Folk singer Eddi Reader called Jansch “a gentle, gentle gentleman.” In a message on Twitter she said: “God speed, darlin’ Bert – get us on the guest list.”

Jansch is survived by his wife, Loren, and son, Adam.

There are so many good musicians out there. It’s often difficult to keep up with everyone. It’s too bad that sometimes it takes a guy kicking the bucket to remind us of how good he actually was. Bert Jansch.


the Planet Rockers

20 Jul , 2011,
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The Planet Rockers


The Planet Rockers.  My introduction to the PlanetRockers was a little weird.  Bear with me here…

The Planet Rockers.  Sometime in the early part of the 1990s, my then girlfriend and I were on a big Smiths/ Morrissey jag.  We were both coming to terms with the fact that we would never get tohalloween see the Smiths in concert, and somehow we managed to see Morrissey every time he came through Northern California. On Halloween 1991 or ’92, we went to a Morrissey show at the Shoreline amphitheater in Mountain View.  The opening band that night was the Planet Rockers.  Damn!  What a surprise that was.

I had never heard of the Planet Rockers.  I wasn’t sure what to think when I saw almost as many cowboy hats and belt buckles in line for this show, as I did silly hair-cuts (Yeah, I had one, too), guys with their collars buttoned all the way up (Oh yeah, I was there), and the young hipsters wearing old 1950s-style hearing aids (never had one of those) and Creepers (I had a bad-ass pair of Creepers when I was younger).

plntrkrzI don’t remember if we had seats or lawn for this show, what I remember was seeing the roadies bring out and set up a guitar amp, a stand-up bass and minimalist drum kit.  Something about this band, the Planet Rockers was beginning to strike a chord within me, and the band hadn’t played a note.  I hadn’t yet made the connection between stand-up bass–my high school band had astand-up bass.  How cool could it be?–and what was no-frills “Tennessee Rock and Roll”, the Planet Rockers style.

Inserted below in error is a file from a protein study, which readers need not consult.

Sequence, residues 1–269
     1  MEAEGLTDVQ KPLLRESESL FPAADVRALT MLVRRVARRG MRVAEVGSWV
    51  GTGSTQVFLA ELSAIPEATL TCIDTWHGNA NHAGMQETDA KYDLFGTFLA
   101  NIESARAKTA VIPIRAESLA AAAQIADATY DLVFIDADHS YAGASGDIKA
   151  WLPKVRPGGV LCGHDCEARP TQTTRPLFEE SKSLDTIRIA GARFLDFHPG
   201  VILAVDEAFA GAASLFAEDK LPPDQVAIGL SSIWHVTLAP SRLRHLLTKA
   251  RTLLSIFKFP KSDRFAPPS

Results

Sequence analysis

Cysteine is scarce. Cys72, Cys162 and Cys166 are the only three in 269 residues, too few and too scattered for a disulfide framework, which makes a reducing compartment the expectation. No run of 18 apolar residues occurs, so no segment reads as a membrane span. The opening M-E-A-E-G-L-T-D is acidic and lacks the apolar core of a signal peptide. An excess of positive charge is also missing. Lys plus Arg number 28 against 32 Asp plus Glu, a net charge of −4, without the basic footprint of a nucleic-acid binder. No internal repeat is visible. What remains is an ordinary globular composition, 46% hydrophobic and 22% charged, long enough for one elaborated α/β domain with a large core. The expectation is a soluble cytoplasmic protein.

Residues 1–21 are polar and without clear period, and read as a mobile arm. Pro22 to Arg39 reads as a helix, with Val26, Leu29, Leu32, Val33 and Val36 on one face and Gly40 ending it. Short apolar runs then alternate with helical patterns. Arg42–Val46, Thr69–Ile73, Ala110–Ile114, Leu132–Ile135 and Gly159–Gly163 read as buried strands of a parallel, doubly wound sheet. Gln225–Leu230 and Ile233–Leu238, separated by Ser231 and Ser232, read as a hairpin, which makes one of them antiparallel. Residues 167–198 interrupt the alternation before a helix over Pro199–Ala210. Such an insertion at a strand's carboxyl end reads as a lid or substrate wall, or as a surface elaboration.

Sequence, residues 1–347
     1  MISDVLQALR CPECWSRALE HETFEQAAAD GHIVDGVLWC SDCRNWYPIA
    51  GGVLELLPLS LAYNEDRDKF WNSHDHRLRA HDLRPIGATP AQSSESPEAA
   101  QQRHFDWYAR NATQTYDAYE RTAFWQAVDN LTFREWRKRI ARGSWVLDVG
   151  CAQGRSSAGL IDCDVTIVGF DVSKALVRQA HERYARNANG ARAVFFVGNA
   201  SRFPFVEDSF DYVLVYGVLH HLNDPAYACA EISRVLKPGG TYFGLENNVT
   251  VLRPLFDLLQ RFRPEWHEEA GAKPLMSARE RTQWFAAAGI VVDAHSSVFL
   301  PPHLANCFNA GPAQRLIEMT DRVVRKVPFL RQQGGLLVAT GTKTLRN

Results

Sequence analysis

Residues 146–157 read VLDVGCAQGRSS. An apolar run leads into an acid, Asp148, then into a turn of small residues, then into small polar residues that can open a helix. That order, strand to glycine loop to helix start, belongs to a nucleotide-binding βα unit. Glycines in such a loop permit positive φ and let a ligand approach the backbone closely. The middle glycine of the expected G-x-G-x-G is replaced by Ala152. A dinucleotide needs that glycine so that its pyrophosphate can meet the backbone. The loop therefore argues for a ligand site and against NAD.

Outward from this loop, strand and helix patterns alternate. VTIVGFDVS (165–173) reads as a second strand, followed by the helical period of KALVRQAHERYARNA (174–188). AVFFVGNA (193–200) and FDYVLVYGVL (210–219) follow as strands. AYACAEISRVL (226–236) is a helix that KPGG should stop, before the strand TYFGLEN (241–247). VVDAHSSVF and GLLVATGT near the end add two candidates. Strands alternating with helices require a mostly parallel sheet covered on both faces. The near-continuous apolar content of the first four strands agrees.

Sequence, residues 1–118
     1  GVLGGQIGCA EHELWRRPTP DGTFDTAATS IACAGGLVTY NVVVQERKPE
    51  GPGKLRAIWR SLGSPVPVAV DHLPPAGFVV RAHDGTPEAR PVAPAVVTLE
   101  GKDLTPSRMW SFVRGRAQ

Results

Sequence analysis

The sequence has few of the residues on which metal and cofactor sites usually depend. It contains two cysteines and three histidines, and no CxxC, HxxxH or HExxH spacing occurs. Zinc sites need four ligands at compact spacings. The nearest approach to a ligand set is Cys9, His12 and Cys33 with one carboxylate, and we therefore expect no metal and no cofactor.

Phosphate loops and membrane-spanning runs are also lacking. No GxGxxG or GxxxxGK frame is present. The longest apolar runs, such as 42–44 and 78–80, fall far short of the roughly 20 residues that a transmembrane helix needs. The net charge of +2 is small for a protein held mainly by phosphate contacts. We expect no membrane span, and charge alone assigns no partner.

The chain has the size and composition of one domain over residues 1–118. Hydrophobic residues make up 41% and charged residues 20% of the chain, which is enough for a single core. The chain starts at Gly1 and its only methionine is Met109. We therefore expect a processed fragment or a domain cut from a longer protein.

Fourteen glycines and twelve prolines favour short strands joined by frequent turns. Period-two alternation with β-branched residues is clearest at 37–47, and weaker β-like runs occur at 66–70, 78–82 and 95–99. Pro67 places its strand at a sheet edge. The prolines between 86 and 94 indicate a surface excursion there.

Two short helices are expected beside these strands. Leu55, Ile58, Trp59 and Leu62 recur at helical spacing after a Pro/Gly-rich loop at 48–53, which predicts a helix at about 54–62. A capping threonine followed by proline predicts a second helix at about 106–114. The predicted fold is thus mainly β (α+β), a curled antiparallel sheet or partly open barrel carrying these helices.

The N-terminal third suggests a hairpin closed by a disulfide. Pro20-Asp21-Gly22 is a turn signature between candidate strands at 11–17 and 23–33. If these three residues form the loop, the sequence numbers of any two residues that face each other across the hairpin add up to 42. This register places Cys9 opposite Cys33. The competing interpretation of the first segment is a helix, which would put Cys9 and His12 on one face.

The Planet Rockers didn’t play rockabilly the way the Stray Cats played it; not psychobilly like the Meteors or the Cramps.  The Planet Rockers sounded as uniquely American, authentic rockabilly as anything I had heard to date.

I could have sworn that my girlfriend at the time swiped a Planet Rockers cd or a Morrissey t-shirt at that show.  We chatted recently, and she claims that it must have been somebody else at some other show, because she would never do anything like that.  Okay.  Fine.

The Planet Rockers–100% Tennessee Rock and Roll

I think the Planet Rockers opened with Trouble Up the  Road.  Damn!  Those guys had me!  This was the most authentic-sounding rockabilly that wasn’t from the 50s I could remember hearing.  I hadn’t yet begun my homework, so Eddie Angel wasn’t a name I was more than passingly familiar with.  I think I had heard it before, but to me Eddie Angel sounded as silly and cliche’ as Sid Vicious.  I figured he may have been a cartoon character or something.  But, Dog my Cats and Paint Me Green!  When the Planet Rockers started in, they didn’t stop.  They played pretty much everything from their debut cd.  We heard it all and then some–Trouble Up the Road , Big Daddy, Rampage, Big Wheel,  Tennessee Woman, Spin My Wheels, Yes I Do, and so many more.

These guys were fu*king amazing.

The Planet Rockers–See?  Again, I hadn’t put it all together yet.

I already knew Eddie’s work without knowing his name.  Eddie Angel has played guitar with legends like Ronnie Dawson and Link Wray, and is a pretty active recording artist himself. Eddie recorded with Tex Rubinowitz’ band “The Bad Boys”, Martha Hull, the–get this–“legendary rockabilly revival band” The Planet Rockers with Sonny George, “Eddie Angel’s Dinosaurs”, “The Neanderthals” and “Los Straitjackets” and of course he had some great solo-issues, I am particularly drawn to “Rampage”, but Eddie Angel has so many good songs, it’s hard to pick just one favorite.   Eddie plays guitar like a madman in whatever genre he picks up, rock ‘n’ roll, rockabilly, surf, garage, or…  Eddie can play it all.

On that day, he was playing with the Planet Rockers…